During the first week after the Vienna talks about the future of Syria, state behavior demonstrated no movement toward conflict resolution and, if anything, revealed increased determination to fight for zero-sum victory. Despite some cooperation against the Islamic State, in general Syria remained a battlefield for contradictory state agendas.
Following the Vienna talks, the world might have hoped for at least some international steps away from private agendas and in the direction of compromise. Iran and Russia might have laid out a mechanism for fair and open elections, e.g., by proposing an interim, internationally monitored regime for the purpose, rather than proposing elections to be held under Assad’s control. Turkey and the U.S. might have moved toward some arrangement supporting a Kurdish entity in Syria with safeguards against Kurdish attacks on Turkey or Turkish attacks on the Syrian Kurdish entity. Iran and Saudi Arabia might have worked out an arrangement for respective spheres of influence or joint pursuit of economic interests in Syria. New international financing of refugee camps in neighboring countries might have been offered. Specific regions, e.g., Rojava, might have been offered precise military security guarantees. U.S. steps to encourage Sunni-Kurdish cooperation, in particular the avoidance of ethnic discrimination in ethnically mixed areas being seized from the Islamic State would seem a particularly non-controversial and low-cost positive opportunity lost during the week. One week after the Vienna talks, it is hard to detect any movement in these directions. Instead, international attention remains focused on warfare, with a subordinate effort to control the refugee flow into Europe (but not on altering the horrifying conditions provoking that flow).
The diagram tells a clear story of state focus exclusively on punishments to resolve the Syrian conflict. The numbers indicate events in date order. Even the events categorized in the blue quadrant belong there only in the sense that they represent a positive-sum outcome for the states opposing the Islamic State (not clearly contributing to a positive-sum resolution of the Syrian conflict per se). Both the absence of events in the green quadrant and the absence of any movement over time toward the green quadrant suggest the absence of progress toward a positive-sum resolution of the Syrian conflict.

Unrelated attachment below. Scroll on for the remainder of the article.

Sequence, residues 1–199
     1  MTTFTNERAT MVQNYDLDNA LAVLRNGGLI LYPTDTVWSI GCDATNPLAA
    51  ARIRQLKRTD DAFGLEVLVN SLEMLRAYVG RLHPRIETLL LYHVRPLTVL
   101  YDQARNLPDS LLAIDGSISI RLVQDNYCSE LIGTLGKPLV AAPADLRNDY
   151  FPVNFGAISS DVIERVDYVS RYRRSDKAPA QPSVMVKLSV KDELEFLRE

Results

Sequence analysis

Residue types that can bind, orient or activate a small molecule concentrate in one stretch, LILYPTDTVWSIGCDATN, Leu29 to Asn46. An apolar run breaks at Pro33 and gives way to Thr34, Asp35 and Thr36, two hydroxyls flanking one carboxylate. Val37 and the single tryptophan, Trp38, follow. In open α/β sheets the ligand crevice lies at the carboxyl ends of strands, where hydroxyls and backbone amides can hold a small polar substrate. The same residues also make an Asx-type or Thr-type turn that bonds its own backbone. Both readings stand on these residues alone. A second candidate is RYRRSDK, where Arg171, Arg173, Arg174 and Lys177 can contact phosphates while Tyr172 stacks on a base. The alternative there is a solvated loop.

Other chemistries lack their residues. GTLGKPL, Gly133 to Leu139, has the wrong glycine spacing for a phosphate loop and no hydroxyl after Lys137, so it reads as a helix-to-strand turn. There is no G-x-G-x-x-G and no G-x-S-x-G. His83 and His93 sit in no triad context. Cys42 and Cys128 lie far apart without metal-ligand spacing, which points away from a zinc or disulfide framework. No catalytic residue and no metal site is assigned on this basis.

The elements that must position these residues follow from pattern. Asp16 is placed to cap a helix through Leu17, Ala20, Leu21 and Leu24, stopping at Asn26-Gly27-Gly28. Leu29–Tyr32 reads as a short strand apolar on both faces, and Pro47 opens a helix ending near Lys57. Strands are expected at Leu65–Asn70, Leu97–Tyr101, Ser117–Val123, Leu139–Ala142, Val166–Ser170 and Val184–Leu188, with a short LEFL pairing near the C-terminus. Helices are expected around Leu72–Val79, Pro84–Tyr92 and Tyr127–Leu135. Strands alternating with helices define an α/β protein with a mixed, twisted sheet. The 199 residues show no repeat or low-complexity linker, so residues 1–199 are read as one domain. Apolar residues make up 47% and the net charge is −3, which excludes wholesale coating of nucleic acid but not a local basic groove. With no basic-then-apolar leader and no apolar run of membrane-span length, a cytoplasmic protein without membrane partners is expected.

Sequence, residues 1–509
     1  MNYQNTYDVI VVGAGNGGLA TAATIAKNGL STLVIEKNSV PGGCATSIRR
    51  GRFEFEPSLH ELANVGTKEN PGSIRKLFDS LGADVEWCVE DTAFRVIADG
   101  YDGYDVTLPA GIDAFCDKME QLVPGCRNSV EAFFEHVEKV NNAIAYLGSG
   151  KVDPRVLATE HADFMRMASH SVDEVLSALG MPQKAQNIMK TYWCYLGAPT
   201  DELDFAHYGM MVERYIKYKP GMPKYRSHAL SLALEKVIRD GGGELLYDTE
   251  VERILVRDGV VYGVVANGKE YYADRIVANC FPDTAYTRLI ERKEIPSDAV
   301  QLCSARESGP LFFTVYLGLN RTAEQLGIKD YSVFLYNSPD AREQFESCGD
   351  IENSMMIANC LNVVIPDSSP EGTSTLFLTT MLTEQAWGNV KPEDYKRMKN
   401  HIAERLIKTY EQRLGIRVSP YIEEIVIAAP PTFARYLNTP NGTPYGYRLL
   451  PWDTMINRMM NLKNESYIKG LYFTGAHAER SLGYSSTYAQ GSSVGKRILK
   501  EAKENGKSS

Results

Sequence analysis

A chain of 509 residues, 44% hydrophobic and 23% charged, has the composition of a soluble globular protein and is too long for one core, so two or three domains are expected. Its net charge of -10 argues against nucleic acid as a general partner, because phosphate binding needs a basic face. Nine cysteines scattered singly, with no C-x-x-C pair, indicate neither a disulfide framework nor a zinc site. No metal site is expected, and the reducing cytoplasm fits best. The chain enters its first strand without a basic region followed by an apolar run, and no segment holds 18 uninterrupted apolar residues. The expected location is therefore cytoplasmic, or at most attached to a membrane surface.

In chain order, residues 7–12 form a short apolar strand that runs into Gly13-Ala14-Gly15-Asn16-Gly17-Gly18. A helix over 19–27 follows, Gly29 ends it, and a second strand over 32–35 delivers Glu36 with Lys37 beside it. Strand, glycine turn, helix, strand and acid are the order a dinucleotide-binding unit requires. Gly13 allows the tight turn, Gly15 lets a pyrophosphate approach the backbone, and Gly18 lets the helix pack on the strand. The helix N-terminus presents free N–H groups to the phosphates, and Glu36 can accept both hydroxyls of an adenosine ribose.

Toward a Solution
Instead of the state-centric solution, which may make global leaders feel comfortable but which is all but irrelevant in the ethnic war zone of the central Mideast, a more realistic approach might be to actually listen to the people who live there. If there is a single clear message coming from the diverse population of Sunnis, Shi’a, Kurds, Alawites, and smaller minorities across the region formerly occupied by Iraq and Syria, it would seem to be this: “Get off my back!” Kurdistan offers a model: in the absence of major interference from global powers, Kurdistan has not only figured out how to govern itself and avoid the fatal temptation of trying to conquer its neighbors, but it has managed to establish critical trade ties with, of all countries, Turkey. If Turkey can live in peace with a Kurdish state, then perhaps there is indeed hope for the region.